Kelly McSweeney

Apr 6th 2018

The Future of Commercial Space Travel


Commercial space travel may no longer be a shot in the dark thanks to rapid advancements in aerospace technology and a shift in how space technology is funded. Space programs have historically been limited by government budget constraints, but during the last two decades, a few adventurous billionaires began investing in space technology. Private space travel is an emerging industry that’s changing the way we view the universe.

Why it Makes Sense Now

Public funding for space programs isn’t guaranteed — each country’s current administration must determine how to manage priorities within a budget. Commercializing space travel invites competition, which brings not only new opportunities for funding, but also a new enthusiasm from the private sector that could spark innovation. When private companies get paid to bring things or people into space, some of the burdens are shifted away from government space programs, such as NASA.

Commercial space travel is possible as a result of recent advancements in propulsion methods, robotics and communication, plus new solutions such as autonomous rocket-tracking technology, as described by MIT Technology Review. Traditionally, astronauts have undergone extensive training to prepare physically and mentally for the challenges of space travel, but today’s spacecraft are automated, so anyone who is healthy and wealthy can travel beyond our planet. Not only have robotic spacecrafts improved, but so have the communication methods. With low latency live video feeds, an amateur space traveler can get help from experts back on Earth.

Types of Commercial Space Travel

If you have enough money to travel anywhere, there’s not a more far-flung and unique destination than space. Space tourism began in 2001, when American Dennis Tito paid $20 million to become the first space tourist, traveling on a Russian rocket to visit the International Space Station (ISS). Billionaire tech entrepreneurs are responding to the siren song of space travel, as some companies have laid out big plans for bringing people to visit lower Earth orbit and eventually to live on Mars or other planets.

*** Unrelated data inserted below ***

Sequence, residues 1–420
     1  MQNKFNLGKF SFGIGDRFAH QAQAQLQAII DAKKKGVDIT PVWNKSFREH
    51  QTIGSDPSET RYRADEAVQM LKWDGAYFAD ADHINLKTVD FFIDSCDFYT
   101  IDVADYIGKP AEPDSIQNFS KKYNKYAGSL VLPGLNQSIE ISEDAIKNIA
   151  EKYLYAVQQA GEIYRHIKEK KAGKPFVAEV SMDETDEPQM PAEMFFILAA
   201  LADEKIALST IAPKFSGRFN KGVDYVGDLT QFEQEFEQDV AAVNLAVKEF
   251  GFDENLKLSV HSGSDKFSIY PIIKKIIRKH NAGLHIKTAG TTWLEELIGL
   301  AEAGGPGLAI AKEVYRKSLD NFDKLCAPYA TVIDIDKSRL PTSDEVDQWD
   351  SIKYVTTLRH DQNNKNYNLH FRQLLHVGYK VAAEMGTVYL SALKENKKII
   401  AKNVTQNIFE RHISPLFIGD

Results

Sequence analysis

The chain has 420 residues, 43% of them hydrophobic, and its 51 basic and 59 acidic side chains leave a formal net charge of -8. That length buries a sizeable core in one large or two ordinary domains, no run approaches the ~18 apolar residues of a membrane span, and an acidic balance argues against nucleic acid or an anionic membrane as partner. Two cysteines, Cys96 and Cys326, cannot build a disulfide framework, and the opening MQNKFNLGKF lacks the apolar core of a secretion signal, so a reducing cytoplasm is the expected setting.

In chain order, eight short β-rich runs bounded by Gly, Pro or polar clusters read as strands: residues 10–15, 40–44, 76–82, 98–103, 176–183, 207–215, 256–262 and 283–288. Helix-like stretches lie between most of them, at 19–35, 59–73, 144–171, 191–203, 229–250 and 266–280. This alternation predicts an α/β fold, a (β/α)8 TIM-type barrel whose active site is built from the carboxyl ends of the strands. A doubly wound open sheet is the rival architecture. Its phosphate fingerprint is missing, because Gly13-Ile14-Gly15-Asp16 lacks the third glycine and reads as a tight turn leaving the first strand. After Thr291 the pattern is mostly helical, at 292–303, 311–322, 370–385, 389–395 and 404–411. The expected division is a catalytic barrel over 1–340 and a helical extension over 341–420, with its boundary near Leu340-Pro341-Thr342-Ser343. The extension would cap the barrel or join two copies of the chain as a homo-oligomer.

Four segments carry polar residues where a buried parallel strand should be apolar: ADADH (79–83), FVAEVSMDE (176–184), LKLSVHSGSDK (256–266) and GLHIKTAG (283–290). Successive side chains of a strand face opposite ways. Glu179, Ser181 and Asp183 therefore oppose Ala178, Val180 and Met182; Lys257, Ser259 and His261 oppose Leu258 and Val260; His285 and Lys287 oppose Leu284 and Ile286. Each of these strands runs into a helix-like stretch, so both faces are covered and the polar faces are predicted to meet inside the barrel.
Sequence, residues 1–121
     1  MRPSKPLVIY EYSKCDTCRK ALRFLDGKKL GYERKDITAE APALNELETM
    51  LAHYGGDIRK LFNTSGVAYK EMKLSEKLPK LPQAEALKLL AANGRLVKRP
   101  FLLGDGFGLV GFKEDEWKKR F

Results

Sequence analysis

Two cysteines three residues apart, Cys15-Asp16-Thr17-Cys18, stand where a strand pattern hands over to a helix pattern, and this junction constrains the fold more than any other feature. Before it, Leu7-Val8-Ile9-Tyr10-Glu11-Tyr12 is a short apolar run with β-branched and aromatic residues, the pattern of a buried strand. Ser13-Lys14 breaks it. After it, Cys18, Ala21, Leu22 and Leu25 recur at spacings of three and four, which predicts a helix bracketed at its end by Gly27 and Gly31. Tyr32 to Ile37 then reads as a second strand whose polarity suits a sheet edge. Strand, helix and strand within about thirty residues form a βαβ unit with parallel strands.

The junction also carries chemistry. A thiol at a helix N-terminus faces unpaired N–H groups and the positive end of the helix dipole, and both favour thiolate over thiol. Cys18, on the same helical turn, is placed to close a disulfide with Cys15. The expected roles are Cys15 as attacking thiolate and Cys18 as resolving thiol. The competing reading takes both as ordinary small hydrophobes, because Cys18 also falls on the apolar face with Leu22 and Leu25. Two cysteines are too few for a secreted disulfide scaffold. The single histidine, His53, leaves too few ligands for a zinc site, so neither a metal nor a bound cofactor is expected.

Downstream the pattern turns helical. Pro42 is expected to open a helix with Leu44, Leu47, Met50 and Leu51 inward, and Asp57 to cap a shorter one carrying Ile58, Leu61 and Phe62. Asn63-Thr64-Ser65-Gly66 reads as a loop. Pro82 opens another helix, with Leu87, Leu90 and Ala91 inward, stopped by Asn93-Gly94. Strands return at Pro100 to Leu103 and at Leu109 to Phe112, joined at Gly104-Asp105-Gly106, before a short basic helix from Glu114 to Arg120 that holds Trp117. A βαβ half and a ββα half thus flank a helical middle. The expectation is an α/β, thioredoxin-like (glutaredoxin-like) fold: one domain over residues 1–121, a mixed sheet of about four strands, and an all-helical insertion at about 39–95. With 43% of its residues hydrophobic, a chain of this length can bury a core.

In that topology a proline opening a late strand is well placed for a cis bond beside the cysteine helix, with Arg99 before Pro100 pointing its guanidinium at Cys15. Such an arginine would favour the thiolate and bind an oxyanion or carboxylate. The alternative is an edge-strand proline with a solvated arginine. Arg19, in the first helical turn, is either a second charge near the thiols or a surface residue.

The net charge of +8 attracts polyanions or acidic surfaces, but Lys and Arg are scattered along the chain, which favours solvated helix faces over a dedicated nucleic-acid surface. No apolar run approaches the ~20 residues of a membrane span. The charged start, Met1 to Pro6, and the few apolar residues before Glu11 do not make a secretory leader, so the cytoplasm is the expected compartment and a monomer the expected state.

Contracted government work is another way commercial space companies can make money. NASA’s shuttle program was retired in 2011, and now private companies are paid to bring cargo and people to space. With commercial rockets launching satellites into orbit and delivering supplies to the ISS, traditional space programs have more capacity to focus on developing spacecraft and rockets for deep space missions. There are economic benefits, too; according to NASA, more than 1,000 suppliers are working across the U.S. on commercial crew spacecraft systems. Additionally, private companies need commercial services — especially delivering satellites to space. Satellites are used for navigation, aerial photography and mapping, television, communication and internet.

Infinity and Beyond

For many space experts, the next big goal is visiting and perhaps colonizing Mars. Projects such as Bill Nye’s LightSail aim to find ways to travel long distances without traditional rocket fuel, which is heavy, expensive and finite. Stratolaunch, backed by Microsoft co-founder Paul Allen, is pioneering a new way to lift heavy objects into space with minimal fuel by launching rockets off a gigantic airplane, according to Engadget.

Other projects are exploring ideas such as reusable rockets, propellant depots and asteroid mining, which could make deep space reachable and profitable. With more companies getting involved in space exploration travel, the places we’ve only dreamed of visiting may eventually be common destinations.